Instead of imitating, art will influence life at the tenth annual Empty Bowls Project this Friday at Southern Oregon University's Thorndike Gallery.
Instead of imitating, art will influence life at the 10th annual Empty Bowls project on Friday at Southern Oregon University's Thorndike Gallery. The event will raise money to fight hunger in Jackson County, where the poverty rate is 14 percent and is likely to increase as the economic downturn continues.
Empty Bowls hopes to match last year's total of $5,000 to help the Ashland Emergency Food Bank, Uncle Food's Diner, ACCESS and Food For People. The Soroptimists International of Ashland will match the amount raised by the sale.
This year's Empty Bowls project event was set up early Saturday morning for a weeklong display prior to the sale. On hand for the task were: Sally Jones, who co-coordinates the event with Amanda Pyle, Soroptimist Sue Kurth and Schneider Museum Preparator/Registrar Stephen Frazier.
As the more than 300 pieces of pottery were unwrapped, a variety of different styles, techniques and uses were revealed.
"Most of the pieces are glazed," Jones said as she explained the different types of pottery, "but there is also some raku and terra cotta. Some of the pieces are more artistic and some are basic."
The range of pottery became more than just the average bowl as a number of platters, vases, coffee mugs and rice bowls with holes to hold the included chopsticks, among other items, were placed on the 15-table display. Of note is a clay cookie jar/bank of a bear holding a freshly caught salmon.
"Most of the pieces can be used every day," said Jones as she explained the many utilitarian uses, "especially pieces like the mixing bowls."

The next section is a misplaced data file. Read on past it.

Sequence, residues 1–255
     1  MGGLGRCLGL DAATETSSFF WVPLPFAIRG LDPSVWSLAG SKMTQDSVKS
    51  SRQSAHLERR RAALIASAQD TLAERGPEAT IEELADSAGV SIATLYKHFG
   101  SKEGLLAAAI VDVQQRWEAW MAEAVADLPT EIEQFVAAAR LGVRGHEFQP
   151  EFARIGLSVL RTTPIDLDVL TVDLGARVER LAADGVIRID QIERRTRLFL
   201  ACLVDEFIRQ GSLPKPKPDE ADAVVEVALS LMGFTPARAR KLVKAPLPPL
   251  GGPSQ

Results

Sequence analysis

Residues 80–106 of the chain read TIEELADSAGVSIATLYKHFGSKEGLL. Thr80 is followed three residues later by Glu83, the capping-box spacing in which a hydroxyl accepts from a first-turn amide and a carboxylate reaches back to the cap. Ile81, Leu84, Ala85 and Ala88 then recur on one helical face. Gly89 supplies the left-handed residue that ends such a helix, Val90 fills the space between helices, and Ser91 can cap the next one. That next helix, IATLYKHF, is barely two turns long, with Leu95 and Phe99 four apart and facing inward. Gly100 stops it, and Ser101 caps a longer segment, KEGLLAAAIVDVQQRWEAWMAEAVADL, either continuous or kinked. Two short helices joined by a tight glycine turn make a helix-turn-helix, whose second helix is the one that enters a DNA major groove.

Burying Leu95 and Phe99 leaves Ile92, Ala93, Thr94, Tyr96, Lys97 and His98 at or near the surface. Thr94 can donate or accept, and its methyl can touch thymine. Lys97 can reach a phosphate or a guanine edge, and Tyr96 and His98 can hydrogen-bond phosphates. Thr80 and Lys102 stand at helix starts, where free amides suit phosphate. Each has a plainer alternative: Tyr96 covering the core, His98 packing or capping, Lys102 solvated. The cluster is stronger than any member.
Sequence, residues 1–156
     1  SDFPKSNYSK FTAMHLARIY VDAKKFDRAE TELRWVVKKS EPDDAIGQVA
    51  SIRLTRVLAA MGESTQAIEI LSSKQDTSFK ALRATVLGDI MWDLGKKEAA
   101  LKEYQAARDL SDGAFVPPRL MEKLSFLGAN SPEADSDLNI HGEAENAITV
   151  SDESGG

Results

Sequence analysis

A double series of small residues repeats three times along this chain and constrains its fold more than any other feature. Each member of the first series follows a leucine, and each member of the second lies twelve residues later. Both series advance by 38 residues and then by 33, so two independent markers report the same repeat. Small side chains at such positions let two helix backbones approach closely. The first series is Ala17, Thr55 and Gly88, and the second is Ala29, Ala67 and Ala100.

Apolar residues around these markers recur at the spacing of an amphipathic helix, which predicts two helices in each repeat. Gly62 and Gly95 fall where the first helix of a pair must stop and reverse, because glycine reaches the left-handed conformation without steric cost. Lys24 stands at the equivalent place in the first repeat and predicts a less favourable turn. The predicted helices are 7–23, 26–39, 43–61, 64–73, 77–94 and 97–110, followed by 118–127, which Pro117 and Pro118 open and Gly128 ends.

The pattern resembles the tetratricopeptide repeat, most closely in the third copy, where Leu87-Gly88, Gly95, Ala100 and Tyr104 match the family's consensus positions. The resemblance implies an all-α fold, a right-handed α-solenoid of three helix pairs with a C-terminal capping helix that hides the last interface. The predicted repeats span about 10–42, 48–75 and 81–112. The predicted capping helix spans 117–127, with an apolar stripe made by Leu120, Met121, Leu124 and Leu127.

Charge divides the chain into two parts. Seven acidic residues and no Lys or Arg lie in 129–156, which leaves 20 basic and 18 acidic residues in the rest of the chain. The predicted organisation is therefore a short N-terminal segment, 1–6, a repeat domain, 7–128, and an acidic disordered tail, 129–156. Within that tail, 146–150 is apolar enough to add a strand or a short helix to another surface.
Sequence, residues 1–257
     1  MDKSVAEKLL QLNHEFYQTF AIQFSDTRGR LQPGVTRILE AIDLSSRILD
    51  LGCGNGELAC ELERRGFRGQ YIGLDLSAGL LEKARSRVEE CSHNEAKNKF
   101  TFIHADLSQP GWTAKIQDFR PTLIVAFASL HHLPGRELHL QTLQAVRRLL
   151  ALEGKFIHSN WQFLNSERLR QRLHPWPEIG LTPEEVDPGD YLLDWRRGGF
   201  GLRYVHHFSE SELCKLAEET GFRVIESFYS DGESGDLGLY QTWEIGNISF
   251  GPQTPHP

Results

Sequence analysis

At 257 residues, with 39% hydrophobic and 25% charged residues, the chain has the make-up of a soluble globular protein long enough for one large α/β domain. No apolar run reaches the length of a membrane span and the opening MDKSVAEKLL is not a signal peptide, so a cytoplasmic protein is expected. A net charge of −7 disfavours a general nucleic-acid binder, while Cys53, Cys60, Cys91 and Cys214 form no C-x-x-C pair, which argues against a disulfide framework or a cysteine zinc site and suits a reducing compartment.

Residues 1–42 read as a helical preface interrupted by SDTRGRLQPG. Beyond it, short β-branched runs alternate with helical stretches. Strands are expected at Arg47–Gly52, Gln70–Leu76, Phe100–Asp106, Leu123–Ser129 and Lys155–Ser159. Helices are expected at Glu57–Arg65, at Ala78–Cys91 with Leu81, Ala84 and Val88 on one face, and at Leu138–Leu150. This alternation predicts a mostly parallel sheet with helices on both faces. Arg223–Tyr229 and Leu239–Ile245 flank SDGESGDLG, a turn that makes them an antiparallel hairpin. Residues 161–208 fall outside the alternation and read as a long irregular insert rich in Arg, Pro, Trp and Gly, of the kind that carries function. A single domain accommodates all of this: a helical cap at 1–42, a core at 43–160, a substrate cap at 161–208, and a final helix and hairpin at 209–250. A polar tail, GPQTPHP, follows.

The pottery sale is part of the Soroptimists International of Ashland's hunger outreach program. SOU, the pottery society, Clayfolk, and the Ashland community have also pitched in to make the event a place where an empty bowl can fill a plate.
According to Jones, Empty Bowls is more than just a pottery sale for different reasons.
"It is pretty unique that SOU, The Soroptimists and Clayfolk all got together to make it happen," Jones said. "It is also unique because of the range of ability of the different artists. Clayfolk are the pros, but many local schools and artists are also involved."
Some of the pieces are from the students of Helman Elementary, John Muir School, Phoenix High School and SOU.
Besides the opportunity to purchase some unique pottery, attendees will be offered live music by local guitarist Joel Handley, chocolate from Dagoba, coffee from Noble Coffee Roasting, wine from Ron Roth of Geppetto's, and food from the Ashland Food Cooperative. The Soroptimists will also be offering food and refreshments.
Attendees will also be able to purchase a soup ticket for $5, which can be redeemed at one of 10 participating local restaurants for a bowl of soup. Proceeds from the ticket sales will also go to fight hunger.
Jones said that the prices for the pottery average around $10, but there are children's pieces for around one to two dollars as well as a few as high as $75.
The weeklong display and the sale can draw 200 to 300 people, and, according to Jones, "There has been strong competition in the past."
"For sure there has been a rush for certain pieces," Jones said. "There can be up to 50 people waiting for the opening of the sale."
The Soroptimists International, which means "best for women," is an organization whose mission is to serve women both locally and globally. According to Kurth, they are one of only five non-governmental organizations that have a seat in the United Nations. Empty Bowls is a national movement whose only requirement is all money raised under the name Empty Bowls must be used to fight hunger. Clayfolk is a nonprofit pottery society founded in the Rogue Valley in 1976.
This year's Empty Bowls event will take place Friday from 5 to 7 p.m. at the Thorndike Gallery, located in the SOU art building, adjacent to the Schneider Museum of Art on the corner of Siskiyou Boulevard and Indiana Street.